In 2019 the Commission completed a Fitness Check on Legal Migration - an overall evaluation of this legal framework.
Proposals to modernise EU’s legal migration policy
On 27 April 2022, the Commission presented a Communication setting out an approach towards a new and sustainable EU legal migration policy, attracting the skills and talent that the EU needs to address labour shortages and reply to the demographic change in Europe. On the same day, the Commission also presented a proposals to modernise the Long-term residents Directive and the Single Permit Directive. The main objectives of these recasts are to:
- reduce costs and the administrative burden for employers
- prevent labour exploitation
- support further integration and mobility within the EU of nationals of non-EU countries that are already residing and working in the EU
EU Talent Pool and its pilot initiative
In the Communication on Attracting skills and talent, the Commission proposed to establish the first EU-wide labour platform and matching tool - the EU Talent Pool. It will help make the EU more attractive for nationals from non-EU countries and to address the challenge of matching EU employers with the talent they are unable to find in the EU’s labour market.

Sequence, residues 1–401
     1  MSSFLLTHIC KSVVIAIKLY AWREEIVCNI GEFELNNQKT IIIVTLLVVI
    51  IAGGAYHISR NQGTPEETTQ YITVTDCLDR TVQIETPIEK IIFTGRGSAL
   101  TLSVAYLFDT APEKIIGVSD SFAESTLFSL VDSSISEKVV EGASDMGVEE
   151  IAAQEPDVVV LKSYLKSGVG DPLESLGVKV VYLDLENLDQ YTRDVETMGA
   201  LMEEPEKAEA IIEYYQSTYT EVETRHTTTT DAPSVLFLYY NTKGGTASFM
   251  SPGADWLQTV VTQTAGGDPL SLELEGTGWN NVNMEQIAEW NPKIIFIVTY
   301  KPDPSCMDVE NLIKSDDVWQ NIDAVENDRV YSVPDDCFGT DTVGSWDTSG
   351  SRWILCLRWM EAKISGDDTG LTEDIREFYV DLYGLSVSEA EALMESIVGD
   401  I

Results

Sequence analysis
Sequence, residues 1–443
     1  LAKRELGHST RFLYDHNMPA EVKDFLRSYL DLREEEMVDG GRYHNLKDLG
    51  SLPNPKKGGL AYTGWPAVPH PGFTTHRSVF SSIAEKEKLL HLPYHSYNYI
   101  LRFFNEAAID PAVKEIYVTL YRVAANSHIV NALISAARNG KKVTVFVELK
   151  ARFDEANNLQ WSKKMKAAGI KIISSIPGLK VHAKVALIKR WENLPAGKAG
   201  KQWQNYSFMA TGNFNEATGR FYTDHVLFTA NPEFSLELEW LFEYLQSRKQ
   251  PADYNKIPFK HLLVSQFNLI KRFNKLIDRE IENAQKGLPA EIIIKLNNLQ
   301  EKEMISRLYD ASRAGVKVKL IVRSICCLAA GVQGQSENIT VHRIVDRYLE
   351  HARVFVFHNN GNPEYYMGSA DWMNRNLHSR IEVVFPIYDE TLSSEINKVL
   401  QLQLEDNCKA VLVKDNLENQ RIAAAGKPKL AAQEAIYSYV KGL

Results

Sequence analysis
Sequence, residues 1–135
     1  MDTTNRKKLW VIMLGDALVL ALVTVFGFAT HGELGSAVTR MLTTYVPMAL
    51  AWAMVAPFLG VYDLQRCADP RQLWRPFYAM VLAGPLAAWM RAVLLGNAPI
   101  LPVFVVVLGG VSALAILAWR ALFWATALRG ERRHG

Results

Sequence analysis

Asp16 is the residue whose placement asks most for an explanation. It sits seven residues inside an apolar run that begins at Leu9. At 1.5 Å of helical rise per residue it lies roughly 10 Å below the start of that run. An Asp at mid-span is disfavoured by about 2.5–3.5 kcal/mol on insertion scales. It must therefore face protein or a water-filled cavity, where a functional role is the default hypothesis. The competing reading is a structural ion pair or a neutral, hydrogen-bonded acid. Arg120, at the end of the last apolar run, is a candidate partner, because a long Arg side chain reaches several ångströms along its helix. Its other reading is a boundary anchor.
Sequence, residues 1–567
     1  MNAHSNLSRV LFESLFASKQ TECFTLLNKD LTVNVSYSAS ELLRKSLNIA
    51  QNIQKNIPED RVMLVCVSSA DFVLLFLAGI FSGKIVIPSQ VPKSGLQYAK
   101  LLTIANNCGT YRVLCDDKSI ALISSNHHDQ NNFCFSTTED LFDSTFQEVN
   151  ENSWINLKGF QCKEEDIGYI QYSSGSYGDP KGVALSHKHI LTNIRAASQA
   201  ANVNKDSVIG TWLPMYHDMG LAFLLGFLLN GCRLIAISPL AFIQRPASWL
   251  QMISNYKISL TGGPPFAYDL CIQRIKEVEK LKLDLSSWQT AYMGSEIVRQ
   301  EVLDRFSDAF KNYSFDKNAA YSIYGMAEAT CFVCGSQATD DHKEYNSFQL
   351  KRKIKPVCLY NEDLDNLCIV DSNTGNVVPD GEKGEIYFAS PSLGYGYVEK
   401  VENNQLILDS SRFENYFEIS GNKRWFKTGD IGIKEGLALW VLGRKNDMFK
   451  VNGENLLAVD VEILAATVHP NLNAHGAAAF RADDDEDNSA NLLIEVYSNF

The EU Talent Pool will be an EU-wide pool of candidates from non-EU countries. Candidates will be selected on the basis of specific skill levels, criteria and migration requirements following a screening of candidates’ credentials. The Communication presents key features of the pool, building on the OECD studies:
As a result of the Russian war of aggression against Ukraine, a new and urgent need emerged to facilitate the access of beneficiaries of temporary protection in the EU labour market.